“I‘ve been feeling really weak recently.”
Mr. G describes his symptoms with an uncertain voice. You’ve been sent to care for him, a 69-year-old male with an unknown medical problem. You found him sitting at the table, drinking a hot cup of tea.
Mr. G tells you he feels silly about calling, but this morning he almost passed out twice; once after he got up and was walking to the bathroom and the second just before he called 9-1-1, while he was standing at the kitchen counter getting his cup of tea. He’s sure it’s just a cold and he’s a bit dehydrated but thought he should have EMS check him out.
He appears to be in good shape, and tells you he has a history of high blood pressure and high cholesterol, for which he takes enalapril and simvastatin. His pulse is 80 and strong, blood pressure is 140/90, respirations are 18 per minute. His lung sounds present with bi-basilar crackles in the lower lobes and clear in the upper lobes.
He denies being short of breath but has been coughing continually during your assessment. When you ask him about the cough he says he’s not sure when it began; the majority of the time the cough is nonproductive, but occasionally he coughs up some mucous, sometimes tinged with blood. Mr. G doesn’t appear to be experiencing an immediate life-threatening event, but the coughing, dizziness and almost passing out has several possible causes that should be considered.
Coughing is a normal response that protects the airway. Typically, when an irritant enters the airway, the body responds by drawing in a quick breath and then closes the glottis as the air is forced out. This increases the pressure in the airways, which helps move the irritant out of the air passages. As the air is forced out past the closed glottis, the recognizable coughing sound is made. A cough that persists for several days or increases in its intensity and frequency can be a sign of a serious condition.
When caring for a patient with a cough, remember that the droplets from a cough can travel several hundred miles per hour. This means that anyone in the room may potentially be exposed to an infectious pathogen when the patient coughs.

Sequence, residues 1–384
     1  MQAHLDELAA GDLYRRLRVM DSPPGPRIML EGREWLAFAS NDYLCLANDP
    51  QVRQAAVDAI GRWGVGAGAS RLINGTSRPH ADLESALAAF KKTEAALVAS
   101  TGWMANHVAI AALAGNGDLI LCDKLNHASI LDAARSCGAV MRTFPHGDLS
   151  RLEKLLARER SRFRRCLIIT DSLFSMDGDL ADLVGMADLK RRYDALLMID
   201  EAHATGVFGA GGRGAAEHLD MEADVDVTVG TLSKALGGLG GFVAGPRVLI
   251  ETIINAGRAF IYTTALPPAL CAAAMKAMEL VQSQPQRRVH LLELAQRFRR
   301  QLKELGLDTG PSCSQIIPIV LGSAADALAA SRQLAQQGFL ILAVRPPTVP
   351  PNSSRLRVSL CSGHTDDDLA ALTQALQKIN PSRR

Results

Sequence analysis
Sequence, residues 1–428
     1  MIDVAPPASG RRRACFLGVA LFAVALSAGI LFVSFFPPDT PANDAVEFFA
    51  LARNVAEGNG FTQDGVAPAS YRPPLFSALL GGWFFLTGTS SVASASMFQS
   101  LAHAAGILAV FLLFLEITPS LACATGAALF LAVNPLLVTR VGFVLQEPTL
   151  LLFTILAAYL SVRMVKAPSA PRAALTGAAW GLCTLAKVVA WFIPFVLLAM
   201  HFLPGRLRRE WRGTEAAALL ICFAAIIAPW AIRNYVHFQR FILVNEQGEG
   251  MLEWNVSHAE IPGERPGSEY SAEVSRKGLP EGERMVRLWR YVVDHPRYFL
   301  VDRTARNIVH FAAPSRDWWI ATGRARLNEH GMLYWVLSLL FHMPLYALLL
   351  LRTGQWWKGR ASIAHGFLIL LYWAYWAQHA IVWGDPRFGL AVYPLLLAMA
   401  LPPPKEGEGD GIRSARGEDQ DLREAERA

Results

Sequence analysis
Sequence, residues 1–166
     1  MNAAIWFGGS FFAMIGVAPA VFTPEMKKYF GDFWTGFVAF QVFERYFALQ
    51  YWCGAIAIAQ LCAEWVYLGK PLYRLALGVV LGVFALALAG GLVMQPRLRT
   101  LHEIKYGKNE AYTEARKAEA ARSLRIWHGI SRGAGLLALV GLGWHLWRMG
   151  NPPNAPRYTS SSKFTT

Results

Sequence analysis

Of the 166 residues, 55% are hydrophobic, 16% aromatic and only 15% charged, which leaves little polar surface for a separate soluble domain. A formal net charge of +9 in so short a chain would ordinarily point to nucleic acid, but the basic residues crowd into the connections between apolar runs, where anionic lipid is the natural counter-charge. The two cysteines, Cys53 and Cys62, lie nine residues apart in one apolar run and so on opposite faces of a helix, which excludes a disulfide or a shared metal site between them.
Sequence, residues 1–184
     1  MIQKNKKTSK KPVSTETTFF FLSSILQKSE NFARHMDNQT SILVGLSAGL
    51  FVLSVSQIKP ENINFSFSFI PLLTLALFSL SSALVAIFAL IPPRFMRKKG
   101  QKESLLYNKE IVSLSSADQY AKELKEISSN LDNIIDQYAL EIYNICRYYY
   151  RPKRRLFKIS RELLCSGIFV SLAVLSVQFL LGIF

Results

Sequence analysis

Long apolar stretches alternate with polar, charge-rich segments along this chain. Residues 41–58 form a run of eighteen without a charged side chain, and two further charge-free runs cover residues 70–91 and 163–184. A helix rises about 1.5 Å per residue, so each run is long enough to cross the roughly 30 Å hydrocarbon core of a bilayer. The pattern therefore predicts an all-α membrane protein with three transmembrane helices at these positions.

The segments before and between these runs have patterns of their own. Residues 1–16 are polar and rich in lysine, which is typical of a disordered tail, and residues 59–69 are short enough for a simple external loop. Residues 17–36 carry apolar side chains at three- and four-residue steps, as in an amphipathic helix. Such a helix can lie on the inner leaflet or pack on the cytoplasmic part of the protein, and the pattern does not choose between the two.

Place a surgical mask on the patient and the providers in the room. A surgical mask may make a patient short of breath, so consider placing oxygen under the surgical mask. A regular non-rebreather mask by itself isn’t adequate protection from a pathogen in a coughing patient.
For Mr. G, the cough could be a sign of several conditions that can be associated with his complaint of feeling weak and dizzy. The patient may be correct that his weakness and cough may “just be a cold,” as a virus in the upper or lower airway can cause a cough. Other infectious conditions such as pneumonia and tuberculosis can present with a cough. These typically cause a productive cough, meaning the patient will expel green or yellow mucous, which may be tinged with blood.
Lung cancer may also cause a cough with a bloody discharge. Breath sounds with pneumonia and lung cancer can present similarly, both with unilateral, isolated adventitious sounds. Lung cancer isn’t considered contagious, but there’s no way in the out-of-hospital setting for us to know if the cough is caused by a cancer, virus or bacteria. Cover the cough and provide oxygen as necessary based on the patient’s complaint and pulse oximetry.
Heart failure can cause a patient to cough. When the left ventricle begins to fail, the blood backs into the pulmonary circulatory system and fluid will eventually be pushed into the alveolar spaces. These patients may also feel weak and won’t want to lay down. They need to remain sitting to keep the fluid at the bottom of their lungs. In the early stages of heart failure, the cough won’t be productive. During the later stages of heart failure, the cough may produce a pink, bubbly sputum. Lung sounds vary based on the stage of heart failure. In early stages, lung sounds may be clear to auscultation. In the later stages of the disease, crackles can be heard in the bases bilaterally.
This condition isn’t contagious. Maximize the patient’s oxygen, and suction as necessary, or, if in the later stage, the administration of continual positive airway pressure (CPAP) may help relieve the patient’s shortness of breath and relieve the cough.
Some medications can cause a chronic cough. A common medication class to cause a non-productive cough are angio-converting enzyme (ACE) inhibitors. These medications work to control blood pressure by causing the blood vessels to dilate. There’s nothing EMS can do to manage this cough. In some cases, the ACE inhibitor can cause angioedema or swollen lips and tongue, which can look a lot like an allergic reaction.
Be sure to recognize a cough and ask the patient about it: How long have they had the cough? Is the cough productive? If it is, what is the color and consistency of the stuff being coughed up? Auscultation of lung sounds may help identify the cause of the cough. In this case, Mr. G was diagnosed as having an early stage of heart failure.
Be sure to inform the receiving facility of the potential for infectious contamination. The presence of the cough may be dismissed by the patient, especially if they’ve had the cough for a while. It still should be considered an important finding and should be incorporated into the patient assessment. Be thorough and be safe.